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Candidates for open Summit County Council seat talk representation, development

Coalville City Planning Commissioner Tonja Blonquist Hanson and Snyderville Basin Planning Commissioner Thomas Cooke are seeking to replace Doug Clyde on the Summit County Council.
Coalville City Planning Commissioner Tonja Blonquist Hanson and Snyderville Basin Planning Commissioner Thomas Cooke are seeking to replace Doug Clyde on the Summit County Council.

The Summit County Democratic Party will convene Saturday to pick between two candidates to fill the open seat on the county council.

Summit County Councilman Doug Clyde officially resigned from the county council at the beginning of the month, which triggered a process to fill his seat for the remaining two years of his term.

Because he is a Democrat, the Summit County Democratic Party determines his replacement. That gets decided through a vote of the party’s central committee, which includes over 100 delegates. There are two delegates for each precinct in the county.

On Saturday, the party is holding a meeting and will hear from Tonja Hanson and Thomas Cooke, who have both expressed interest in completing Clyde’s term.

Cooke lives in Silver Summit, and has been in Park City for over 30 years. He currently serves on the Snyderville Basin Planning Commission, and works for The Bicycle Collective, a Salt Lake City nonprofit, running operations and e-commerce. Additionally, he's a part-time Nordic coach at Park City Ski and Snowboard.

Hanson is a fifth-generation Summit County resident. She was born and raised in Coalville, but has also spent time living in Park City, Oakley, and Kamas. Her background is in marketing and hospitality, and she has experience working for Vail Resorts, POWDR Corp., and Talisker.

In addition to currently serving on the Coalville City Planning Commission, she is also the vice chair of the Summit County Open Space Advisory Committee.

Clyde is an Oakley resident, and with his departure, no one on the council lives on the county’s East side. Hanson said that was the top motivating factor for her to throw her hat in the ring.

“I think it’s imperative that we have fair representation of all citizens throughout the county," Hanson said. "And it’s not East vs. West, that’s not the deal at all. Because we’re all in this together, as a county.”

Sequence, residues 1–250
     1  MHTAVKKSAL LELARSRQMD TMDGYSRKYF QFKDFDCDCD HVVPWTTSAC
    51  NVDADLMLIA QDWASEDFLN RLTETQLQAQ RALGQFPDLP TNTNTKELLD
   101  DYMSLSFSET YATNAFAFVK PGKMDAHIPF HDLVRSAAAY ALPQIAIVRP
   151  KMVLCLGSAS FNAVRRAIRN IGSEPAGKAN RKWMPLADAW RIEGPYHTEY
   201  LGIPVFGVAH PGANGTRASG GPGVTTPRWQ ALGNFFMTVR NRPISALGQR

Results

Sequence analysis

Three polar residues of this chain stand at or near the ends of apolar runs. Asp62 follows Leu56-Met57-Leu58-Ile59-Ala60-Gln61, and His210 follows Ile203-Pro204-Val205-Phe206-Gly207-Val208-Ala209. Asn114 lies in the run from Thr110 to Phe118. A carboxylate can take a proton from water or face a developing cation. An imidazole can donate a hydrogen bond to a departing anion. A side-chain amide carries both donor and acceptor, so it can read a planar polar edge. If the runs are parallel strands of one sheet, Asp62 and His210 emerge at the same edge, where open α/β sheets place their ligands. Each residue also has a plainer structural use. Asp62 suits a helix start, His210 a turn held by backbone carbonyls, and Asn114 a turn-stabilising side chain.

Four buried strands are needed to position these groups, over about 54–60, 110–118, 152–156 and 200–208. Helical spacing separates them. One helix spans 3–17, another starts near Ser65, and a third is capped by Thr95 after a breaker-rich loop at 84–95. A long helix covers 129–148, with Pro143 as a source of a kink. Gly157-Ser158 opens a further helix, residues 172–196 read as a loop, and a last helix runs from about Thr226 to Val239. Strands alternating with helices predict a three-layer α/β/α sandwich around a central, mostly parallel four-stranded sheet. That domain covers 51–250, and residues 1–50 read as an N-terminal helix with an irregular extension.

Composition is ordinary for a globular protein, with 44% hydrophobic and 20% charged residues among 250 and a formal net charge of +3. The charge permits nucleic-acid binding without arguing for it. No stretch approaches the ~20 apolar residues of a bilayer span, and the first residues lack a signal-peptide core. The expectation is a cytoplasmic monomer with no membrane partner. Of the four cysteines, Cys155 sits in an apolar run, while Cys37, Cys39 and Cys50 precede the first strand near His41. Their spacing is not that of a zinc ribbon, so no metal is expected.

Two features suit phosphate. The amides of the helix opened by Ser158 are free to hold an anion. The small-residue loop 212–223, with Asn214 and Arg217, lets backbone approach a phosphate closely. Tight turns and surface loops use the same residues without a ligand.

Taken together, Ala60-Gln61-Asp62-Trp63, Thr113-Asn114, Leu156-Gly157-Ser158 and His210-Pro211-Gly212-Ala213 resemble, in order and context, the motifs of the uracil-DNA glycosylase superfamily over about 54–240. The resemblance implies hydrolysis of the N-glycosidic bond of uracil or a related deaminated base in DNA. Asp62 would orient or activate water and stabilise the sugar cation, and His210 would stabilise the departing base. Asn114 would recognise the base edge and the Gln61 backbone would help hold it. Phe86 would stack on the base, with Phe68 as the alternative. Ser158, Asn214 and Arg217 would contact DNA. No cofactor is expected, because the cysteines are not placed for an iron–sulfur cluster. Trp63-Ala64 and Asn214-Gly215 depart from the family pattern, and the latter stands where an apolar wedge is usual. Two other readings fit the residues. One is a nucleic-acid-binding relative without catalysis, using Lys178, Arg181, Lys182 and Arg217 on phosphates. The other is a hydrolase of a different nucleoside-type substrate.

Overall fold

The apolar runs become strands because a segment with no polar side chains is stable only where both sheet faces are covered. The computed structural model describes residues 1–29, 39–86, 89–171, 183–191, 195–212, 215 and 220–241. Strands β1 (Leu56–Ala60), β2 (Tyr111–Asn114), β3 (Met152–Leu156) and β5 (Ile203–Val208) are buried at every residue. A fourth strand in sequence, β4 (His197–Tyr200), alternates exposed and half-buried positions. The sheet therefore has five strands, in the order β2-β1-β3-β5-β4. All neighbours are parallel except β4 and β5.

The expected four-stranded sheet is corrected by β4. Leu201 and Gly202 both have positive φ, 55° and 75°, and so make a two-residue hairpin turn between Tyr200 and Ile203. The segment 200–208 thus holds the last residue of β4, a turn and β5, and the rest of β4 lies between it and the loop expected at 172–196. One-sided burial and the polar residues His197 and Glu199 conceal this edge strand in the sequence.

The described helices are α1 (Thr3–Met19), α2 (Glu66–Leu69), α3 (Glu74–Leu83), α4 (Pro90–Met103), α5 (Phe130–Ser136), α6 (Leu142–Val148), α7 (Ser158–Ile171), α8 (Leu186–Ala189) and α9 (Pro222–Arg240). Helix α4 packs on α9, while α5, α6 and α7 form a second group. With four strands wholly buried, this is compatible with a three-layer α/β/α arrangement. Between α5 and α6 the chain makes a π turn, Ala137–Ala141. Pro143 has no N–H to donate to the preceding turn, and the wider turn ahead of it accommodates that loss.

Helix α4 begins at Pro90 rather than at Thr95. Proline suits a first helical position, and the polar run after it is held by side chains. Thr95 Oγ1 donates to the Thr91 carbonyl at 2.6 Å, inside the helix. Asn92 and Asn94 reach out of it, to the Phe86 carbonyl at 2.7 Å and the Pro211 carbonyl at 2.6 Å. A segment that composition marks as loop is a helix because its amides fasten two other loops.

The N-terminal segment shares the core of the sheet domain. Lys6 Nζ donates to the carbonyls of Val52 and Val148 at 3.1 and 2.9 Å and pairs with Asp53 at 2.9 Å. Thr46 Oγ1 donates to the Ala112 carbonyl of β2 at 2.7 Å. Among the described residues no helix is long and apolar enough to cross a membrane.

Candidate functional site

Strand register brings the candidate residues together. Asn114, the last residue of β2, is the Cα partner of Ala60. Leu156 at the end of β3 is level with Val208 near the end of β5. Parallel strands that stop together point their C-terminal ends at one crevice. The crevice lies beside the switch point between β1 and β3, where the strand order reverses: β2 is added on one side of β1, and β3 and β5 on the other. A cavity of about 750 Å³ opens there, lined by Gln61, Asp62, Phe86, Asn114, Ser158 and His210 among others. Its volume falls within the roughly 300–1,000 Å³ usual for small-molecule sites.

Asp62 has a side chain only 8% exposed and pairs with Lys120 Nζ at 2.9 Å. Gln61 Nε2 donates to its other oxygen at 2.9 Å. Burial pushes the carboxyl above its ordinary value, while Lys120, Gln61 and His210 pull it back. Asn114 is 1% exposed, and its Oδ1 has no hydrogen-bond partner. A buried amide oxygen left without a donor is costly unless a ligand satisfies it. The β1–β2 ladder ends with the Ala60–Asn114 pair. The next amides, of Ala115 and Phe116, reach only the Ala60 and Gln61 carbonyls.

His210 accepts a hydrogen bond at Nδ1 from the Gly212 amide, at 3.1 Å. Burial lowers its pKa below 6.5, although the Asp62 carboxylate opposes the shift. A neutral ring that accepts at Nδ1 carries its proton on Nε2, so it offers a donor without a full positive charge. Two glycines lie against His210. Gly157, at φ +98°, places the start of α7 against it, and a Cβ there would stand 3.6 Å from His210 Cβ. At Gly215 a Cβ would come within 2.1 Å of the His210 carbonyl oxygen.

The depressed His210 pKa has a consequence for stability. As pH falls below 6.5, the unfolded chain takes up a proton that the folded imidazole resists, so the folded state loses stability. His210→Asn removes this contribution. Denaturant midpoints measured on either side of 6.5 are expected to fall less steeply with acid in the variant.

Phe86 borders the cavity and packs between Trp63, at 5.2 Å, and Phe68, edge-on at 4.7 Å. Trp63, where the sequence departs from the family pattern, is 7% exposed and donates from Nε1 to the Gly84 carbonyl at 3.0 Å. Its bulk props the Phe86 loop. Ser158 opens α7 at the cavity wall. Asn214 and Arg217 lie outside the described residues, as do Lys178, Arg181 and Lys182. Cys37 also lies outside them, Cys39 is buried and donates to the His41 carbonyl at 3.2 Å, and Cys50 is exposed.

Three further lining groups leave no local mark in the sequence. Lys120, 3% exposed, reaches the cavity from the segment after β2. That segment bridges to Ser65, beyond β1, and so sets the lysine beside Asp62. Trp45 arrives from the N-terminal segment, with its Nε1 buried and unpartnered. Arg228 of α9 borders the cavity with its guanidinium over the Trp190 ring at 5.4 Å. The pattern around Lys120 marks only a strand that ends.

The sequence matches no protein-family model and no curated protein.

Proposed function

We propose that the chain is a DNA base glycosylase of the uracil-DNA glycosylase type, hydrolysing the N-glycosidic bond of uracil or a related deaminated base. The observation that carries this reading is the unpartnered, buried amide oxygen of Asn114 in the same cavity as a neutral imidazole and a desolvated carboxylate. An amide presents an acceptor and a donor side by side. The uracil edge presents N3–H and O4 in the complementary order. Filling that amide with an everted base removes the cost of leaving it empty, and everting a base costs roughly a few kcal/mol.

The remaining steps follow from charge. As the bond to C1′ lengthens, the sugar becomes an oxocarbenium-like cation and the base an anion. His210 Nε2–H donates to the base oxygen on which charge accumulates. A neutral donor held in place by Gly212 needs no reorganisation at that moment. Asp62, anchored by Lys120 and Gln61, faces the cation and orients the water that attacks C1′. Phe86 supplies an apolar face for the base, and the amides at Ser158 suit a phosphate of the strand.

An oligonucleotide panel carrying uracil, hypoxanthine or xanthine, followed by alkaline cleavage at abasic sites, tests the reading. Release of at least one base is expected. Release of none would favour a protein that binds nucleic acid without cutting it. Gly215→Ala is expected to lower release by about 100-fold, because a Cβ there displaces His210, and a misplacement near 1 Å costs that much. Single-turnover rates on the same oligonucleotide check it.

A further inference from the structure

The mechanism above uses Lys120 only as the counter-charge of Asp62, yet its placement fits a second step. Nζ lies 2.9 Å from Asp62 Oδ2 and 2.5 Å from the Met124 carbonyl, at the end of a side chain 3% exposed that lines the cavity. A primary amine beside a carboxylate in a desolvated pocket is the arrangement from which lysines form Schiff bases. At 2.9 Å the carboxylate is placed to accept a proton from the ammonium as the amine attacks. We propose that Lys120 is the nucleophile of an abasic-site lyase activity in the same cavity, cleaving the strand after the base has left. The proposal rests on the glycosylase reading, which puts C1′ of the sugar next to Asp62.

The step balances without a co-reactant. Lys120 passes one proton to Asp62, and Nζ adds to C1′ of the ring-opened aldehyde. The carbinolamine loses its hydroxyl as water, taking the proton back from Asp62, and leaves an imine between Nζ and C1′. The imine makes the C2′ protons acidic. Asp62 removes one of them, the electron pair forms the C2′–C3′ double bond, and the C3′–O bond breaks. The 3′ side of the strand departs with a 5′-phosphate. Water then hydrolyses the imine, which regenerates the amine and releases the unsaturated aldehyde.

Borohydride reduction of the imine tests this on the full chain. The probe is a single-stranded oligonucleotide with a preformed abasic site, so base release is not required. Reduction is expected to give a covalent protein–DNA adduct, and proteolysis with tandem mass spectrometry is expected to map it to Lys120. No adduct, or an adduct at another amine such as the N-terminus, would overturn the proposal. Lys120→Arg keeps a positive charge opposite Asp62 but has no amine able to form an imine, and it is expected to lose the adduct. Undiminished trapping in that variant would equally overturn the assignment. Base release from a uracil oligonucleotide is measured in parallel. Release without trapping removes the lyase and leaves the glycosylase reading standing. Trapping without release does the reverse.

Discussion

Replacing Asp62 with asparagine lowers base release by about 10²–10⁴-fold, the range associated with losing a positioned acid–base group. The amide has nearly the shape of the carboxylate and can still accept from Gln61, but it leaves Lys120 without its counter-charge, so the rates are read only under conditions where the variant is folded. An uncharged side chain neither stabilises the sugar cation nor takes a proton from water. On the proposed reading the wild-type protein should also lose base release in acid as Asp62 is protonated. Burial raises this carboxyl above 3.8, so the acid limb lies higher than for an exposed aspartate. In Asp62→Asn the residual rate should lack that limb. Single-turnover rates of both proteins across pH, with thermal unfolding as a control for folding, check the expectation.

Cooke said he was sympathetic to that point, and advocated for creating precincts for the council in the future rather than them being entirely at large.

“We have a moment in time right now for the next two years where the Basin is bearing the brunt of the pressures of growth," Cooke said. "And I think right now is a really good time to have somebody who understands as best they can the code, the general plan, what we need to do to change it. Because that’s where a majority of the impacts are.”

Cooke referred to Dakota Pacific Real Estate, who is seeking to build over 700 housing units along with commercial space in the area of Kimball Junction by the Skullcandy building, as the elephant in the room.

He said he learned a lot from Dakota Pacific’s first application process, which was strongly opposed by residents, and ended up with the developer withdrawing its application for the time being.

“I think the most important thing is we have to reconnect our planning objectives with the goals of the community," Cooke said. "The council and planning staff and planning commission has to be able to have the trust with the community where we say, 'well if you want to solve x, y, z, then the best way to do it is a, b, c.' And that there’s some trust involved... I really do feel that we’ve lost that.”

Hanson said her planning experience has taught her that resident impact is a top priority.

She agreed that Kimball Junction has a big traffic problem, citing her years of experience commuting to Park City from the rural county.

She said building a mixed-use development elsewhere could potentially help, in order to divert those coming to the area for services like the grocery.

Both said there is a need for housing in the county, and Hanson said creating a regional housing authority could help. That would be an independent body solely focused on managing the housing crisis.

“That could really do a deep dive on this issue and maybe come up with some solutions that we’re not thinking about right now. The county council is really busy with so many things," Hanson said.

"And I really feel that they don’t have the time needed. So a housing authority or a citizens community group that could maybe spearhead that and bring solutions back to the county council that we could look at and possibly implement.”

Cooke also endorsed the housing authority idea. He pointed to Park City’s pilot lite deed restriction program, which compensates property owners for not renting homes on a short-term basis. He said he’d like to see the county try something similar.

In addition to suggesting things the county needs to work, the candidates pointed to recent county succeses.

Hanson mentioned the new High Valley Transit bus line to Wasatch County, which previously didn’t have any public transit.

Cooke said the overwhelming passage of the open space underscores how much residents throughout the county have in common with each other.